Thoughts on Why I’m a Retro-ish Gamer

As I said before, everyone who’s into retro or retro-ish gaming and writes/blogs/creates videos/whatever else about it does so for a love of that aspect of the hobby, as well as to share that with others.  Everyone also has their own reason underneath that.  I thought it would be interesting if I shared mine.

Both fun games, but the first just has an extra "something".

I was led down this line of thought by Spider-Man: Edge of Time.  Whenever I play it, I sometimes find my thoughts drifting to Spider-Man, the first three-dimensional Spidey game.

Edge of Time isn’t a bad game, not by any stretch of the imagination—but that first three-dimensional Spider-Man game, that was something else.  You could almost feel that the developers were figuring things out, that they were trying new things to make a really fun experience for gamers.  Edge of Time is fun for what it is—but nothing can recapture that first time.

These days, I think about video games a lot, play when I can, talk about them, read about them—but nothing compares to that first time.  As much as I can enjoy playing through a video game more than once, nothing beats the first time.  You’re not quite sure what you’re doing, still kind of figuring it out as you go—and you weren’t alone.  Through the ‘Nineties, developers and publishers were still kind of figuring it out, too.

Take the shift from two-dimensional games to the third dimension.  Nowadays, it’s almost commonplace, expected.  It makes news when a game isn’t in three dimensions—and even games that are functionally two-dimensional in game play still try to at least have three-dimensional graphics.  Back then, though—it was a whole new frontier, one developers and gamers alike were exploring.

In many games of the era, developers hadn’t a clue what would work or not.  There was no precedent.  I mean, Mario was a smash hit in his side-scrolling platformers—but would he really make the transition to the third dimension well?  Obviously, he did, but that couldn’t have been known at the time.

Doing "whatever a spider can" apparently includes melons.

Then you had the little nods and such from developer to gamer.  For just one example, take Tony Hawk’s Pro Skater 2.  You had a few humorous secret skaters, but then you had Spider-Man.  He was included as a secret skater because developer Neversoft was the developer for both Tony Hawk’s Pro Skater 2 and Spider-Man.  It was a wink and a nod—and it was received wonderfully.  These days, secret skaters (or character sin other games) are expected, but then—that was really interesting, and different.

You get interesting things now, to be sure.  There’s just—something not quite the same.  Most of it is how new it all was.  I keep referencing that newness because it’s an important point.  That newness as gamer and developer alike explored the unknown, as developers tried genres and settings that before then were nearly unthinkable, and gamers threw their money down as fast as they could.  I knew a few youngsters who actually had summer jobs, just to pay for their games.  (Try that one these days.)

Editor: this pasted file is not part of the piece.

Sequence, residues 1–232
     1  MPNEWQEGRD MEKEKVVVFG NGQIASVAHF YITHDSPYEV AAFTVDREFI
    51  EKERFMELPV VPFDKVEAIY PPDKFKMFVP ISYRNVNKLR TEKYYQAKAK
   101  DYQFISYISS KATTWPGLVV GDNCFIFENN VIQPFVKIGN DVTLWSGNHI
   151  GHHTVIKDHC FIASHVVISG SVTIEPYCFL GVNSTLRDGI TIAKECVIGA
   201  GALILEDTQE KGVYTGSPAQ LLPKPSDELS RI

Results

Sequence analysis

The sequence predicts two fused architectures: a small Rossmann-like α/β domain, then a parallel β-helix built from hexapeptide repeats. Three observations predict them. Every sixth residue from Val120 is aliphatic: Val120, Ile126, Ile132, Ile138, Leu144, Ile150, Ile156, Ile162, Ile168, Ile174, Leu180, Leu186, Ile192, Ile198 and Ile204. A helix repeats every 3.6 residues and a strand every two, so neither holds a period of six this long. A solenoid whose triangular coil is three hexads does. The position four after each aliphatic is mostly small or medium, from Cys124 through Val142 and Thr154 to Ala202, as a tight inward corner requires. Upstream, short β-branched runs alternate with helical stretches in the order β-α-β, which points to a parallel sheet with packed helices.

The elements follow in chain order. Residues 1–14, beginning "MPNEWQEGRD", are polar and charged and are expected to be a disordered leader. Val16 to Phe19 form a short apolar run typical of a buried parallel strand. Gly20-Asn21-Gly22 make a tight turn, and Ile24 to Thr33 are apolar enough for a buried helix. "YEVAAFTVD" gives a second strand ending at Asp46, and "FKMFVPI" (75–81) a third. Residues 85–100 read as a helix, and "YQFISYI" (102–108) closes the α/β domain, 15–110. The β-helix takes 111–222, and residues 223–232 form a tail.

Before then, developers and publishers were primarily concerned with if video gaming as a hobby would even work in the first place.  By the ‘Nineties, it was pretty much obvious that gaming was here to stay, so then the only question was what the boundaries were.  Now, those boundaries are pretty much known, in part from the infamous Senate hearings, and in part from gamers starting to realize what they want out of their games.

That’s not to say they didn’t know, before.  It’s just that we had nothing to compare it all to.  Without that comparison, we couldn’t really offer judgement, even of just how much we, individually, liked a title.  In the ‘Nineties, gamers were starting to develop their personal tastes, and developers and publishers were starting to cater to them.  These days, the argument could be made that they cater too much, but back then—well, it wasn’t quite a “golden era of gaming”, but it was pretty darn spiffy.

Another fantastic game that deserves a modern-gaming resurrection.

That’s why I, personally, am into older games—why I’m a retro-ish gamer.  It’s not like there weren’t problems in that era.  It’s not like there weren’t bad games, companies who stepped over the line quite a few times to ensure a good bottom line, but in those titles—you could almost feel the fun the developers had making the game, even as they were subject to insanely tight deadlines and strict publisher concerns.

Spider-Man: Edge of Time and its modern-gaming brethren are fun for what they are.  I wouldn’t give them up.  Yet—there was something “more” in those older titles.  It’s not easily defined—but it’s fundamentally important, and something I feel every time I load up one of those games.  It’s something I hope, in whatever small amount, I can impart through these words.


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